The administration’s best-case scenario is a “totally mixed bag,” said Jorge Loweree, policy director at the American Immigration Council. “And worst case is an effective continuation of what Trump wanted.”
Republicans have continued to seize on the record number of border arrests and have filed lawsuits challenging policy changes, hampering the administration in its attempt to execute some of its pledges.
Another Trump-era border policy that immigrant advocates and the United Nations have urged the Biden administration to ditch also remains in effect. A public health authority, invoked at the onset of the coronavirus pandemic, allows authorities to turn away migrants encountered at the US southern border, effectively barring them from claiming asylum.
When asked about the authority, known as Title 42, the Biden administration has referred to the Centers for Disease and Control Prevention, which, according to a White House spokesperson, deems it necessary given the Delta and Omicron variants.
Immigrant advocates — who expected significant changes after four years of curtailed immigration under then-President Donald Trump — have welcomed the unwinding of some Trump-era policies but also have increasingly voiced concern and disappointment to officials over the administration’s actions in numerous discussions.
“The Biden campaign promised to welcome people with dignity, and instead we have returned to Trump policies,” said Karen Tumlin, attorney, founder and director of Justice Action Center, in a call with reporters. “This is not the change millions sought when Biden was elected.”
The White House defended the administration’s actions and reversal of Trump-era immigration policies.
“The President has made clear that restoring order, fairness, and humanity to our immigration system are priorities for this Administration. Our immigration system is outdated and in bad need of reform; But this Administration is committed to working day in and day out to provide relief to immigrants and bring our immigration system into the 21st century,” a White House spokesperson said in a statement.
Treatment of migrants
“Nearly eleven months since taking office, this administration continues to violate U.S. asylum law and evade U.S. treaty obligations by blocking and returning asylum seekers to places where their lives and safety are in peril,” the letter reads.
The continued use of the public health order is an example of the unique position the Biden administration finds itself in: tackling a pandemic and wrestling with a growing number of migrants at the US southern border, many of whom are fleeing conditions at home that were exacerbated by the pandemic.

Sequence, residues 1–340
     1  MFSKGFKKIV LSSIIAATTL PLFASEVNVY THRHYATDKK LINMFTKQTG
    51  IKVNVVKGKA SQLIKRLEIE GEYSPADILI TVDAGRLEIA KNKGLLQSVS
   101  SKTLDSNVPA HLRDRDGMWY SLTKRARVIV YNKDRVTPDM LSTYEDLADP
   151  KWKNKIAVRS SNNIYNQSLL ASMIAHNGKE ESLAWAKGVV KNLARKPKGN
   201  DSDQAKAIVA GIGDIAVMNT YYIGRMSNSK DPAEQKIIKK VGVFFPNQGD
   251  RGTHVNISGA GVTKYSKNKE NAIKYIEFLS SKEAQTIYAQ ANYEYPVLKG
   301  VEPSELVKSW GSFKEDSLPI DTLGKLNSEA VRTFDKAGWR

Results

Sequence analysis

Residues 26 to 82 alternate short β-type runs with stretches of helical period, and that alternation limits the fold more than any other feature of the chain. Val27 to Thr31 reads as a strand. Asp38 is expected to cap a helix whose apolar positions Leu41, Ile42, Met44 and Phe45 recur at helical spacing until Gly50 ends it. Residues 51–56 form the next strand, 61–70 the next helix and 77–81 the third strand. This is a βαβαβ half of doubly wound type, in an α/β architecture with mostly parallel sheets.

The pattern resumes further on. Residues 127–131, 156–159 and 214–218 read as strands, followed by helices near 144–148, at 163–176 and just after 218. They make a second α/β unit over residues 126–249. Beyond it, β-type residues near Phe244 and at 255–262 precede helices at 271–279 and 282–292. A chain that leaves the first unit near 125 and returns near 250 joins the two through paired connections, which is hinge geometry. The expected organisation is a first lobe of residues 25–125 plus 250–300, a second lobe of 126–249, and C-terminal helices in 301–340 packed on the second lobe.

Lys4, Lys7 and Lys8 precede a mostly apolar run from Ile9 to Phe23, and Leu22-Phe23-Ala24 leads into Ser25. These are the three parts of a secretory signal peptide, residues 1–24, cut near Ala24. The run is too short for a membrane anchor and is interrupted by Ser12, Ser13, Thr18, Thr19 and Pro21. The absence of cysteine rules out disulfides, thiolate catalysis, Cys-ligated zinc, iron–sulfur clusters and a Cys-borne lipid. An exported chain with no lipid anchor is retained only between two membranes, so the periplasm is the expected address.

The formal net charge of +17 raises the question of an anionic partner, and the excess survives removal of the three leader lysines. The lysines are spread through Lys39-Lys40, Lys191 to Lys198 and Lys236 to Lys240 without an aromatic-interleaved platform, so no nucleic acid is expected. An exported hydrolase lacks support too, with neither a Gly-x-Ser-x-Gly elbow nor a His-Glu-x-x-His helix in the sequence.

“The volume and emergencies have had us in a defensive posture rather than reforms and a proactive agenda,” an administration official told CNN.
Reuniting children separated during Trump years
Despite various setbacks, the Biden administration has made some inroads on its immigration agenda, including changing enforcement guidelines to prioritize certain undocumented immigrants for arrest and deportation, ending mass worksite enforcement, halting border wall construction and no longer applying controversial rules, like the Trump-era public charge regulation that made it more difficult for immigrants to obtain legal status if they used some public benefits.
Lawsuits have stemmed from the zero-tolerance policy and separation of families. For example, the American Civil Liberties Union filed a class-action lawsuit in 2019 seeking damages for the toll the separations took on families, and attorneys for families have filed separate claims.
After a steady drumbeat of criticism from Republicans about the ongoing settlement negotiations, the Justice Department this month broke off the talks with attorneys for separated families.
Next year is expected to bring more court hearings, including in the class-action lawsuit seeking damages, and additional immigration policy changes, like building out asylum capacity.
Those efforts are likely to keep facing the same uphill battles in the coming year.
“They have to win on this because they’re in such a bad place with advocates and immigration broadly,” a source close to the White House told CNN, referring to immigration restructuring. “Not delivering on this issue will be terrible for them politically.”